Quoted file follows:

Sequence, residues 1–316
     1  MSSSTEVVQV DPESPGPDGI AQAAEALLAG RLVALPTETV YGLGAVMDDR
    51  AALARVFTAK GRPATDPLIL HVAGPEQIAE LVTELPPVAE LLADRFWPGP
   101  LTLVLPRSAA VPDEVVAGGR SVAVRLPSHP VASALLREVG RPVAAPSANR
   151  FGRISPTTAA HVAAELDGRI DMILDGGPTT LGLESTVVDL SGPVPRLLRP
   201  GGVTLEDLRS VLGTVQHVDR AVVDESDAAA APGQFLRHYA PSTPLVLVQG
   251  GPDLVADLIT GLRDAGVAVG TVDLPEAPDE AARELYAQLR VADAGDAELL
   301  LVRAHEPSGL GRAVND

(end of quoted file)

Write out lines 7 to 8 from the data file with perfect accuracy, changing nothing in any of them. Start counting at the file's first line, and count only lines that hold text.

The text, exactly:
   251  GPDLVADLIT GLRDAGVAVG TVDLPEAPDE AARELYAQLR VADAGDAELL
   301  LVRAHEPSGL GRAVND